Crystal Voodoo said...

I'm generally considered to be nice bu that niceness is sort of an amalgam of the two options. I am not what you would call a chipper person. I'm pragmatic, cynical and not particularly upbeat.

However I also have a personal rule of treating everybody as though they have worth no matter who they are or whether I like them or not. I don't let my personal opinion negate their value. The reason isn't manipulative or political but rather a refusal to let my own shortcomings spill over onto other people. If people chose to think that's faking it than there isn't much I can do but know my motivations and stand by them.

GMP said...

Thanks everyone for the comments!

It's interesting that several people brought up the ability to work with people they don't like. This is a big one for me.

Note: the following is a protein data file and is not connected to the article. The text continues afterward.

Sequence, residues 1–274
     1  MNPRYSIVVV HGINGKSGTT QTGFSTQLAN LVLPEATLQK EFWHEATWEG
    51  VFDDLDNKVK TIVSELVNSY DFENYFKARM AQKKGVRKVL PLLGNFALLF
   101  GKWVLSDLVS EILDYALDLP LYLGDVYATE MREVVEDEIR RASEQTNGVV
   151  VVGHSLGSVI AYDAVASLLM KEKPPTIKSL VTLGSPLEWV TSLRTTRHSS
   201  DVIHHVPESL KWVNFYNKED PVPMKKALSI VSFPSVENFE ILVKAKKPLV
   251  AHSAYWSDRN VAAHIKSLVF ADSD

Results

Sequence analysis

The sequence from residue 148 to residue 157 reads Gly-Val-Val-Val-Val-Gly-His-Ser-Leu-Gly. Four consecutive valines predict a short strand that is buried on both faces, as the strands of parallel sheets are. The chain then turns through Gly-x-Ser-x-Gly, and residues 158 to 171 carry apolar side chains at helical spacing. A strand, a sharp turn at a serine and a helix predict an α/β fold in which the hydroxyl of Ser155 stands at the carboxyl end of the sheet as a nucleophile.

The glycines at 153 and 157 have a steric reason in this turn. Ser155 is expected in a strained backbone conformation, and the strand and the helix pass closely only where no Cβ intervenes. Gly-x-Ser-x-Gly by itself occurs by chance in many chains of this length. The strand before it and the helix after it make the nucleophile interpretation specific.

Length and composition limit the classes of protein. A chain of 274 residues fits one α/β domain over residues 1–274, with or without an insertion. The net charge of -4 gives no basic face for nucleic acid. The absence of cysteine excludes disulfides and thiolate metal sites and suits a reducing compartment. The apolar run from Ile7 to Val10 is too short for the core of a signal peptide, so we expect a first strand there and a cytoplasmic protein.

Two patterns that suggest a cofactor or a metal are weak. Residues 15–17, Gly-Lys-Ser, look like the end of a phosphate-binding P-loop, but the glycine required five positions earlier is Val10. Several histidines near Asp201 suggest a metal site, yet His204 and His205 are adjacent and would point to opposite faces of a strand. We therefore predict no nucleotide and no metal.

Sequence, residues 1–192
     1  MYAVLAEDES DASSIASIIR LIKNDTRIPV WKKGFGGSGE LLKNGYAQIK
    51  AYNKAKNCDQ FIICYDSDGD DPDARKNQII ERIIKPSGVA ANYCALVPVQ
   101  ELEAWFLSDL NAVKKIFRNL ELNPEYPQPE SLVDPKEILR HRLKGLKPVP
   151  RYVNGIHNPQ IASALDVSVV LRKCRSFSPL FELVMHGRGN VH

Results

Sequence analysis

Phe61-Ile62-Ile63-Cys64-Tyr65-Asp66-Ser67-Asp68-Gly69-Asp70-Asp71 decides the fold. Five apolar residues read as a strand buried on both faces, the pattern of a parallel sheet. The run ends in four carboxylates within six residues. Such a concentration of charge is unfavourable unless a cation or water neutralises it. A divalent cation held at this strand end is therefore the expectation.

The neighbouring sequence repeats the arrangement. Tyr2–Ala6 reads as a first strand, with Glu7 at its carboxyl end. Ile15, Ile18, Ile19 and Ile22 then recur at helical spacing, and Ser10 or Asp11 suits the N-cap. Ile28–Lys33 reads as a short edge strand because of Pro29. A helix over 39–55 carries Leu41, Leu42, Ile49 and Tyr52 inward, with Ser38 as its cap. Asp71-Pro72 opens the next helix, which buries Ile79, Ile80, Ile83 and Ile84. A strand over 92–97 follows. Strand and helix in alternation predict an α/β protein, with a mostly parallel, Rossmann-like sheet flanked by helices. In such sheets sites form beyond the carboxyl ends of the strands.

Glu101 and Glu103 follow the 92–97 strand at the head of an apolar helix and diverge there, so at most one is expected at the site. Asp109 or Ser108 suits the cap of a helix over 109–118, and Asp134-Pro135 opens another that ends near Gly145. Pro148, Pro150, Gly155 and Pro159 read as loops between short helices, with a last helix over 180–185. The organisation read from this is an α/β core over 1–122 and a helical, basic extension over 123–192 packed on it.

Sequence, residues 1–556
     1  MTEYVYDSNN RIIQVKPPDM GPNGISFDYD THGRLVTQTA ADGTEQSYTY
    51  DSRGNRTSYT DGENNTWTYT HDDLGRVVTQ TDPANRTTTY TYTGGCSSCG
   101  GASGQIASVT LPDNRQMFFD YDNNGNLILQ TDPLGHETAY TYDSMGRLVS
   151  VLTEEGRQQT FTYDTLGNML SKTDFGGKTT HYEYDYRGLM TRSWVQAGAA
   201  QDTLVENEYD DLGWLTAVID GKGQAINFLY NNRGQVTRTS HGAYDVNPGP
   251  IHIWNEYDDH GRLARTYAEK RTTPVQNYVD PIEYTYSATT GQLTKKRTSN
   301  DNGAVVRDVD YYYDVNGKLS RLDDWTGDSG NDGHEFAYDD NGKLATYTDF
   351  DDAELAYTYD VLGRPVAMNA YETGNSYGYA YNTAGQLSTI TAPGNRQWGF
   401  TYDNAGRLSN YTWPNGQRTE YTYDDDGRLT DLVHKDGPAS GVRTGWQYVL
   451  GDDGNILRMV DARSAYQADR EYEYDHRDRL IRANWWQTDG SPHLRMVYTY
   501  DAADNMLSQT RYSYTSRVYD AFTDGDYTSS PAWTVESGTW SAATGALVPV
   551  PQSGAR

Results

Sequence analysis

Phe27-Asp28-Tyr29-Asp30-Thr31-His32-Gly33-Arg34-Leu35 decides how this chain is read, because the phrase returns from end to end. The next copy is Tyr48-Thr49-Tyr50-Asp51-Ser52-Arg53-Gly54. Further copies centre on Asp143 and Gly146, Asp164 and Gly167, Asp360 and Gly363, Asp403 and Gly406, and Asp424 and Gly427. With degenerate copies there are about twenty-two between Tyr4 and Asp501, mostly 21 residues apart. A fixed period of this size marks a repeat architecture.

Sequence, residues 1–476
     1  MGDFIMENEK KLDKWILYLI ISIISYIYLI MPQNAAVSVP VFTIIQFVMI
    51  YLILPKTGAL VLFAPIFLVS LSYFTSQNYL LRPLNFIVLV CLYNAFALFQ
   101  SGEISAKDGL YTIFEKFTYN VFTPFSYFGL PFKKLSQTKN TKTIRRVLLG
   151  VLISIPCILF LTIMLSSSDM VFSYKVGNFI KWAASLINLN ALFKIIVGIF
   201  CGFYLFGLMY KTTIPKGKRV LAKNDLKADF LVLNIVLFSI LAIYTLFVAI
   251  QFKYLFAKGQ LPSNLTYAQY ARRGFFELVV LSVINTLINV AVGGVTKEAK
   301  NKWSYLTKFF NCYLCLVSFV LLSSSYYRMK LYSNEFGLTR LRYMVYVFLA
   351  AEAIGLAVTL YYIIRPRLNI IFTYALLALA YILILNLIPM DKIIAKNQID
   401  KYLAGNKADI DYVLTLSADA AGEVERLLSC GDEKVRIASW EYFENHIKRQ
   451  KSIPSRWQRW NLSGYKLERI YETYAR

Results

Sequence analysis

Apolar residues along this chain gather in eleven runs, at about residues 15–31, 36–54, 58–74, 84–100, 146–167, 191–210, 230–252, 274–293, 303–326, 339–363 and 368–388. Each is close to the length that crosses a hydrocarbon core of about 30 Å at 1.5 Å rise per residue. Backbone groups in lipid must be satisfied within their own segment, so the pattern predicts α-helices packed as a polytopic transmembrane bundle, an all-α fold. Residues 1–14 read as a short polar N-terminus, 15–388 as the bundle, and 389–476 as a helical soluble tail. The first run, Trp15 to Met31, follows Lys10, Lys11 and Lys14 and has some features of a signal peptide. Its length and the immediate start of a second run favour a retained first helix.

At my job (academia) there are plenty of work interactions that are fairly superficial (being on committees etc.) so being nice and somewhat detached is fine. But, in collaborations, I find it really hard to work with people whom I don't like, who don't like me, or who are so reserved that I have no idea what they actually think about anything. Maybe it's just my personality, but I feel that collaborations are based on trust, and to establish trust you actually have to get to know one another -- for real -- at least a little bit and yes, I think it's important not to dislike one another. I have a collaboration with a person who's the most polite and friendly person you can imagine, but I know nothing but that facade (not for the lack of trying on my part), and we've worked together for years. As a result, I don't think we work as well together as I think we could because I don't really trust this person, I don't know what motivates them, I suspect they don't like me, and I am not relaxed around them. I don't consult them or brainstorm with them as freely or as often as I do with some other closer collaborators. You kinda have to show your warts a little to really get close to people; I think it's necessary for collaborations where creativity and a free flow of ideas (great and stupid) are very important. If I cannot relax around someone because they are too guarded and I don't know the first thing about what goes on in their head, I personally don't do my best, most creative work around that person.